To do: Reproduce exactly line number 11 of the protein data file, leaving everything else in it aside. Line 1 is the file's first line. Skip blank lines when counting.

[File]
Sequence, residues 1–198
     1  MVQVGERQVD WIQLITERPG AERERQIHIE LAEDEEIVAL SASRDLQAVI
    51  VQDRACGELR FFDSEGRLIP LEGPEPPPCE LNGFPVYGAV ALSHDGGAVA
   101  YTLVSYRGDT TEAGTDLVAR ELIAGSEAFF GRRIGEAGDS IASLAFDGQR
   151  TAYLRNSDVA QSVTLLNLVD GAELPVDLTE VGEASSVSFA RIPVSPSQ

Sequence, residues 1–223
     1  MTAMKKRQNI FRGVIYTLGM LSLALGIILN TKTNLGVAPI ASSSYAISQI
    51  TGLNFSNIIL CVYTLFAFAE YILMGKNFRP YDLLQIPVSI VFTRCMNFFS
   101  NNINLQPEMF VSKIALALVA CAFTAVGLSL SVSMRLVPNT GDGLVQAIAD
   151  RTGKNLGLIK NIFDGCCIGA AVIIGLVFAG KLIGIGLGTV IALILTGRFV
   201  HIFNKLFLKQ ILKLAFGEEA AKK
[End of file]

   201  HIFNKLFLKQ ILKLAFGEEA AKK